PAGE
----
Therapy for β-globinopathies: A brief review and determinants for successful and safe correction

Hematology-Oncology, Cancer and Blood Institute, Cincinnati Children's Research Foundation, Cincinnati Children's Hospital Medical Center, Cincinnati, Ohio, USA.
Annals of the New York Academy of Sciences (Impact Factor: 4.38). 08/2010; 1202(1):36-44. DOI: 10.1111/j.1749-6632.2010.05584.x
Source: PubMed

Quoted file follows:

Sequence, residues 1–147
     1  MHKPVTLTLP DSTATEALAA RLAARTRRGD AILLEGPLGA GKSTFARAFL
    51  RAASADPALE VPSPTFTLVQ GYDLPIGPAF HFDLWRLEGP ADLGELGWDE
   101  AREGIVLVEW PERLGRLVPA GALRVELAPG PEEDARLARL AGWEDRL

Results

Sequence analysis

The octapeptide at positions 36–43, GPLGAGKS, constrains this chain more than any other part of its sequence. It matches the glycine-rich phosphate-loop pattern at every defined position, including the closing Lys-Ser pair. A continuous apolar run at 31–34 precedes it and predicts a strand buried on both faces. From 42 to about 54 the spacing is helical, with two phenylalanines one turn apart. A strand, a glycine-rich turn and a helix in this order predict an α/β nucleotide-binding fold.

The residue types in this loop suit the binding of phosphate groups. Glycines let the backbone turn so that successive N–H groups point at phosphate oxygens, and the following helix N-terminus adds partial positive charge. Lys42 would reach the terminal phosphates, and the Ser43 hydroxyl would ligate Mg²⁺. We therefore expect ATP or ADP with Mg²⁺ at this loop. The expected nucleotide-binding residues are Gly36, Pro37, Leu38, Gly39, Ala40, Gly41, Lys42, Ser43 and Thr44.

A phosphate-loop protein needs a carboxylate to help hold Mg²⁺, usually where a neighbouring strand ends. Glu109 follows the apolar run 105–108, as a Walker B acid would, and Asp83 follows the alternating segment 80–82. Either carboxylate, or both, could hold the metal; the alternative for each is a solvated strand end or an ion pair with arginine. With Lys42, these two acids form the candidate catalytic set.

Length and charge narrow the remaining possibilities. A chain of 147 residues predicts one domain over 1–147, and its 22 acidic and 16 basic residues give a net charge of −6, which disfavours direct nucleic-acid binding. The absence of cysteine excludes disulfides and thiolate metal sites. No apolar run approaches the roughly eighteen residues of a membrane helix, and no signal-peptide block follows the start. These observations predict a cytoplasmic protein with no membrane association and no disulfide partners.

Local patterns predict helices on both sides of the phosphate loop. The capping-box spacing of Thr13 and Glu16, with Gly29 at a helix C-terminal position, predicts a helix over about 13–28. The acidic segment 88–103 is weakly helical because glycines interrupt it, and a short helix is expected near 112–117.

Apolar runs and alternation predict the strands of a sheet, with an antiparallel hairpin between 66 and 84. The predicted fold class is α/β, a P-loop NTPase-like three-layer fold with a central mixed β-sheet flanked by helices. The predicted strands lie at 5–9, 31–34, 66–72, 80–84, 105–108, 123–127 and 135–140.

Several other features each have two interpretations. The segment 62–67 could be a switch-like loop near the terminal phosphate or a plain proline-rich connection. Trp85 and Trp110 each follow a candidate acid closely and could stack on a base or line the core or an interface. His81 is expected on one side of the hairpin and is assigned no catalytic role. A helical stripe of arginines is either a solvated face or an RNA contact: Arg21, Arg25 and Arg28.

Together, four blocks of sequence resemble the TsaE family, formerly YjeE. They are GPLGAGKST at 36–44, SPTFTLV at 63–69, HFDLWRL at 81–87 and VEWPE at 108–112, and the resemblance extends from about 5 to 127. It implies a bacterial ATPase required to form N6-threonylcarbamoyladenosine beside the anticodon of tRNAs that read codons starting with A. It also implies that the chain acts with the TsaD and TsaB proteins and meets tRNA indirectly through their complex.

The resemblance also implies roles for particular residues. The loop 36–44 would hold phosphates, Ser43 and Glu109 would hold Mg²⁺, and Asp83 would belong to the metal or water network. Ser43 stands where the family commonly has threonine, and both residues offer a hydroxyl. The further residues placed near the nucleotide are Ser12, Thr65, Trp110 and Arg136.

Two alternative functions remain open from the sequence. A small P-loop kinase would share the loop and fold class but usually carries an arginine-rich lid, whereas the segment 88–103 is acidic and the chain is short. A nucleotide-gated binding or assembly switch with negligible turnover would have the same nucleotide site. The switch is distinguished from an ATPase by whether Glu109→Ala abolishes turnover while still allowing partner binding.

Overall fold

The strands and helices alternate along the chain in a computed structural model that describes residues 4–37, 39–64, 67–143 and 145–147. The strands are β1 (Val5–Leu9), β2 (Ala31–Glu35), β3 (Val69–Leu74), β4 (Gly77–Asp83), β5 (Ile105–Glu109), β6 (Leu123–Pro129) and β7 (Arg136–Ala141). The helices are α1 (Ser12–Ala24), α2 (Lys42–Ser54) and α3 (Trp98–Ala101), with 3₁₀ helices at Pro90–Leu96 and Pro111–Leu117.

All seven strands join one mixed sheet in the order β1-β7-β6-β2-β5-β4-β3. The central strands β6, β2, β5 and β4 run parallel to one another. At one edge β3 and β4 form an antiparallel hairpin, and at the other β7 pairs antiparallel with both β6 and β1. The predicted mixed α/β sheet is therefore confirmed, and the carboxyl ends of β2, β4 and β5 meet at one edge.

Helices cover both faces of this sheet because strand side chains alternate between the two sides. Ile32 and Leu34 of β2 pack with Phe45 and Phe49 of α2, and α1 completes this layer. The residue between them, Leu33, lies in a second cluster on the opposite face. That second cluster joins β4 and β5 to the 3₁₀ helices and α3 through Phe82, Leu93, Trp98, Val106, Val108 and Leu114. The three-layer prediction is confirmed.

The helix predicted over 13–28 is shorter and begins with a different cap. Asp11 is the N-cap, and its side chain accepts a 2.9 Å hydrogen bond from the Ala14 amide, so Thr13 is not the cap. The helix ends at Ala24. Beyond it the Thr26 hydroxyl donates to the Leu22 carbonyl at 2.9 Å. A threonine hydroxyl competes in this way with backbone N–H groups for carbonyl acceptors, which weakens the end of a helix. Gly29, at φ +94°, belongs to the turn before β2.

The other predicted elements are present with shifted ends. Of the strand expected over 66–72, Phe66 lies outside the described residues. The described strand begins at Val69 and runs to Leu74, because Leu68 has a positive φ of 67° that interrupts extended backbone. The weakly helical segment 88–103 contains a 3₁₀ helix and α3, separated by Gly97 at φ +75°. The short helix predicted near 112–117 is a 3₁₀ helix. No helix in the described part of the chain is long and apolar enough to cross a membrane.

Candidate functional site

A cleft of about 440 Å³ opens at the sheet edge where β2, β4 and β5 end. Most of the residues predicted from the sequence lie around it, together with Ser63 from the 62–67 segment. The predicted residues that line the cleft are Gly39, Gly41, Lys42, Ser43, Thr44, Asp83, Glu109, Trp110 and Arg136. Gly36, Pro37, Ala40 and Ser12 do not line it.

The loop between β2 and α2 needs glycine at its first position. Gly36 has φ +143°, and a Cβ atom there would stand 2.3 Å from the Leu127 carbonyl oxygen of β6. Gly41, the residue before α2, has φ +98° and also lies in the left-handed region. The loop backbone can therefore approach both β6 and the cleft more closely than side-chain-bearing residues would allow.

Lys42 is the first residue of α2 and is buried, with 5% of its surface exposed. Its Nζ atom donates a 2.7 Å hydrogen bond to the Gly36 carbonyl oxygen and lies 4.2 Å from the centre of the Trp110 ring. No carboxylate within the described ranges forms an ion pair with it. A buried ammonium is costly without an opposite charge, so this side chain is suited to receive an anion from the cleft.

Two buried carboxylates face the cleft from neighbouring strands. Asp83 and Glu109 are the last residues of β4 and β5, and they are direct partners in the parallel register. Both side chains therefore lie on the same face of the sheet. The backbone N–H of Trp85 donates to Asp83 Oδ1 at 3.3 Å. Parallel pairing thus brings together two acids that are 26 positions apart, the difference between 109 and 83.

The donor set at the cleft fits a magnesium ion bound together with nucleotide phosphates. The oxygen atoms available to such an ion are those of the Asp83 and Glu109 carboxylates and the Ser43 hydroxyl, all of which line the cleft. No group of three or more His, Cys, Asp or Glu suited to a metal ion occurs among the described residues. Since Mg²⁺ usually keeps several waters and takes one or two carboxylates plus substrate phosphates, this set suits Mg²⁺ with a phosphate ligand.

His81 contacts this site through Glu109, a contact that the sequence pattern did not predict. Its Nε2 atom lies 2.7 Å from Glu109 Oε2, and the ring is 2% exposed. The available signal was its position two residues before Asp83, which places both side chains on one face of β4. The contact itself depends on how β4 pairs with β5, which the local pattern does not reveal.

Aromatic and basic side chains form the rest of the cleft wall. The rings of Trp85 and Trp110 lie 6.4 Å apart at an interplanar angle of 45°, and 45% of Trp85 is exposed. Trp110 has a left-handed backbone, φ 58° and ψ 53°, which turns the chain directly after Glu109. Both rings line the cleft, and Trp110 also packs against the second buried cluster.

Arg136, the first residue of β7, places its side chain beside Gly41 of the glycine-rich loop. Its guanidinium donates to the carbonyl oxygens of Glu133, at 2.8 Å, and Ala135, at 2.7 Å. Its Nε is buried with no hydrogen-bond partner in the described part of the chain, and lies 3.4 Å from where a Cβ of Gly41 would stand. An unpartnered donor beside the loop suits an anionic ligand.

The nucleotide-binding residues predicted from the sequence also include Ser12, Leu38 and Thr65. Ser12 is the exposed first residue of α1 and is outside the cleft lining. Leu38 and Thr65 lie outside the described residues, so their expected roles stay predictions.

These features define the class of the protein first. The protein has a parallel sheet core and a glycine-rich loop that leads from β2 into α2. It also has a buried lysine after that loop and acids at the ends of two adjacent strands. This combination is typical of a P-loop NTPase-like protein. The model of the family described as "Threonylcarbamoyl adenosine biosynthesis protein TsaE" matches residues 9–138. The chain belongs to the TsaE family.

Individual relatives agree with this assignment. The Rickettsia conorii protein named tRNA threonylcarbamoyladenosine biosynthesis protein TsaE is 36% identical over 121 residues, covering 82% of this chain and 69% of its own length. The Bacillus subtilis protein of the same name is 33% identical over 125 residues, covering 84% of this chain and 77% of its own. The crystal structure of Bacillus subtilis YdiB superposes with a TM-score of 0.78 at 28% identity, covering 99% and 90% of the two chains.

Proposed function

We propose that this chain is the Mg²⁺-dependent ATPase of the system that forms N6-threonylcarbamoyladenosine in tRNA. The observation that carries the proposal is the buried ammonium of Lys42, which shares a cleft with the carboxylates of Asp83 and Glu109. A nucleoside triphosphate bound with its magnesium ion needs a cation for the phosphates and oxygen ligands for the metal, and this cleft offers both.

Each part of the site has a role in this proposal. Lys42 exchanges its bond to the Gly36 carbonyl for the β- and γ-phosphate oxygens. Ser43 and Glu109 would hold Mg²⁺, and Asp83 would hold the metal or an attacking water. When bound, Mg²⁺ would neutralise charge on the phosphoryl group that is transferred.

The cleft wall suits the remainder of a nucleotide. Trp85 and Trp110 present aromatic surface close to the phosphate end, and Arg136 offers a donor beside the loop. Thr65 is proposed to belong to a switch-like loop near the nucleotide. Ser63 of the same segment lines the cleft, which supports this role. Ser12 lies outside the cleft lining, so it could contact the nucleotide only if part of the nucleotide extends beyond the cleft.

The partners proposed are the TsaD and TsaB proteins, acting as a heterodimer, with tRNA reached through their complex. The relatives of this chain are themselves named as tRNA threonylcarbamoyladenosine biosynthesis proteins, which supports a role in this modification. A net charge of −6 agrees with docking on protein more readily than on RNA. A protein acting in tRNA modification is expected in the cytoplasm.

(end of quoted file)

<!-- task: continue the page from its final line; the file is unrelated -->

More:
Gene therapy for beta-globinopathies, particularly beta-thalassemia and sickle cell anemia, hold much promise for the future, as a one time cure for these common and debilitating disorders. Correction of the beta-globinopathies using lentivirus vectors (LV) carrying the beta- or gamma-globin genes and elements of the locus control region has been well established in murine models, and a good idea of "what it will take to cure these diseases" has been developed in the first decade of the twenty-first century. A clinical trial using one such vector has been initiated in France while other trials are in development. Vector improvements to enhance the safety and efficiency of LV are being explored, while newer strategies, like homologous recombination in induced pluripotent cells for correction of sickle cell anemia, has been shown as a proof-of-concept. Here we provide a review of current progress in genetic correction of beta-globin disorders.

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